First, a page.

On March 7, 2017, Flake introduced a bill to eliminate FCC Internet privacy rules that were passed under President Barack Obama. His proposed bill would allow Internet service providers to share and sell consumers' browsing history without consent. In regards to Obama's FCC Internet Privacy rules, Flake stated that "It is unnecessary, confusing and adds yet another innovation-stifling regulation to the Internet."[83] Flake received $22,700 in donations from paid lobbyists representing Internet service providers and tech firms to sponsor the anti-privacy legislation.[84] In April 2017, the legislation passed both houses of Congress, which are Republican-controlled, allowing ISPs to sell consumer browsing history and other information without the user's consent.[84] One constituent at a town-hall meeting told Flake that "You sold my privacy up the river."[84]

Flake describes himself as "pro-life"; he opposes legal abortion, with exceptions for rape, incest, and to protect the life of the mother.[85]

In 2010, Flake was one of fifteen Republican House members to vote in favor of the Don't Ask, Don't Tell Repeal Act of 2010, which repealed the U.S. military's "don't ask, don't tell" policy, which banned openly gay service members.[86][87] Flake had voted to amend the U.S. Constitution to ban same-sex marriage with a Federal Marriage Amendment in 2004 and 2006.[88][89]

In 2017, Flake voted three times to repeal the Affordable Care Act, also known as Obamacare.[90]

Employment Non-Discrimination Act[edit]

Although he voted in favor of the Employment Non-Discrimination Act (ENDA) in 2007, which would have banned discrimination based on sexual orientation, Flake said he had concerns with the 2013 version, which includes both sexual orientation and gender identity.[91] When the vote occurred on November 7, Flake cast his vote in favor of the 2013 version of ENDA.[92]

Roy Moore[edit]

In October 2017, Flake refused to support Alabama Senate candidate Roy Moore in the December 2017 Senate special election in Alabama.[93] Flake said that he could not support a candidate who believed that Muslims should not be allowed to serve in Congress.[93] After the Washington Post reported in November 2017 that a number of women had accused Moore of having pursued sexual relationships with them or sexually assaulted them when they were teenagers, Flake quickly condemned Moore and said he would prefer that Doug Jones, the Democratic candidate, win the special election instead of Moore.[93] On December 5, 2017, one week before the election, Flake donated $100 to the Jones campaign and posted a tweet which said "Country over Party".[94]

Supreme Court[edit]

In March 2016, Flake said that Judge Merrick Garland, PresidentBarack Obama's nominee for the Supreme Court seat vacated by the death of Antonin Scalia, should not be confirmed unless Hillary Clinton wins the 2016 presidential election. Flake argued that should Clinton win, Garland should be confirmed in the Senate's lame-duck session because he is less liberal than any nominee Clinton might put forward.[95][96] After meeting with Garland in April, Flake reiterated this position, saying that confirmation hearings on Garland's nomination should not be taken up until after the election, so that the American people can choose the next president, unless Clinton won, in which case, "we ought to approve him quickly."[97][98]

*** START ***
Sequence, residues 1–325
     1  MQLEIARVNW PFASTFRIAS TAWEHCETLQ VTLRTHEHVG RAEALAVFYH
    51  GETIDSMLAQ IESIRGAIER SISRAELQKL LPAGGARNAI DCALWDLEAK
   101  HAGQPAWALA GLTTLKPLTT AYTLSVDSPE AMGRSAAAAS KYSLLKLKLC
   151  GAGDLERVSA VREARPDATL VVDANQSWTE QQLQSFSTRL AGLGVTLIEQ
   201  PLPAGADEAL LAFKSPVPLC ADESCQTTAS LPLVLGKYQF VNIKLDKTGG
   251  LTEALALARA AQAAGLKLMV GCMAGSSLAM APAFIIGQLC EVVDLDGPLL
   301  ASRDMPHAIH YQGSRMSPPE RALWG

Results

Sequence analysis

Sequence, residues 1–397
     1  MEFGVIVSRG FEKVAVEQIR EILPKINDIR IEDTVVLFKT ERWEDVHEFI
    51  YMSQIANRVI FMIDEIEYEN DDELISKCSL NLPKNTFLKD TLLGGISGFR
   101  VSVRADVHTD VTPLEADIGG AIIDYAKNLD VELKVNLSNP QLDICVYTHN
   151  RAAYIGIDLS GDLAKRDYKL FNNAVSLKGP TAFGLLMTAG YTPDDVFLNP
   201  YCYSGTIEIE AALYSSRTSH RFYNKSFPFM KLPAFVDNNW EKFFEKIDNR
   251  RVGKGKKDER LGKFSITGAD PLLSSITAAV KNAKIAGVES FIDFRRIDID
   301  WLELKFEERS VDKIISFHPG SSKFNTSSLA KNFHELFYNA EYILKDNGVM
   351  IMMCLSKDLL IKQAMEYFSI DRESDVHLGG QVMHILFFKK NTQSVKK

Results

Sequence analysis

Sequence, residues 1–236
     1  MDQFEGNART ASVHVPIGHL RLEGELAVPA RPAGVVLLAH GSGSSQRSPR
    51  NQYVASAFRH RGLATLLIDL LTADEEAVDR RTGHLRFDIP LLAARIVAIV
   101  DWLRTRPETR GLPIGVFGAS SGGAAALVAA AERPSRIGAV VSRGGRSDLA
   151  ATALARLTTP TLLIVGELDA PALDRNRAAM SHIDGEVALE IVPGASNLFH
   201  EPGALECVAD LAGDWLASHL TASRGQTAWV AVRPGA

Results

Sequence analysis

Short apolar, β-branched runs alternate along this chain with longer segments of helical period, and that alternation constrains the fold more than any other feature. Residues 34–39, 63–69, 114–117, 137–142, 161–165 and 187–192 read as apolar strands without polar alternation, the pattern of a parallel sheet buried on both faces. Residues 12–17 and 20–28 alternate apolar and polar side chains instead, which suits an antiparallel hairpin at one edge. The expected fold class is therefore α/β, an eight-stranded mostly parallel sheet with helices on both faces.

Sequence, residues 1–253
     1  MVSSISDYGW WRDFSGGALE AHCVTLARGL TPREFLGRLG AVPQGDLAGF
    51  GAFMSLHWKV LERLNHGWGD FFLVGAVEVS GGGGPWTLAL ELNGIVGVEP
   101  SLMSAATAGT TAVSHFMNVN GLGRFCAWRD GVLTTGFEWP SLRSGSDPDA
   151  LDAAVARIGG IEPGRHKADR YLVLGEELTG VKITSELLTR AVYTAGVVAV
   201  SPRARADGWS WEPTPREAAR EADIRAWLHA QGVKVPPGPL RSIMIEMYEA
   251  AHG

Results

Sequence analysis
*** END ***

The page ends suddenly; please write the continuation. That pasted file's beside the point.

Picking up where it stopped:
In April 2017, he voted to invoke cloture (end debate) on the nomination of Supreme Court nominee Neil Gorsuch, putting an end to the Democratic filibuster. Flake also voted for the "nuclear option," ending the ability to filibuster Supreme Court nominees, and deviating from Senate tradition. He stated, "While changing Senate rules was not my preferred outcome, this will simply make de jure what was de facto prior to 2003, when filibusters were virtually never used on the executive calendar."[99][100] Experts have noted that this could presage an end to the use of the filibuster altogether, allowing for simple majority votes on legislation.[100]


In 2015, Flake and Senator John McCain published a report detailing what they called "paid patriotism" by the U.S. Department of Defense for using soldiers, military equipment and resources at professional sports events in the United States. The report gave evidence that taxpayer-funded patriotic displays extended not only to the NFL but also to Major League Baseball, the National Hockey League and Major League Soccer.[101][102]

Personal life[edit]

Flake and his wife Cheryl (née Bae) have been married since 1985. [27] They live in Mesa and have five children. They are members of the Church of Jesus Christ of Latter-day Saints. He spent time in Zimbabwe and South Africa as a Mormon missionary.[6][103]

His uncle, Jake Flake, was an Arizona state senator.[104]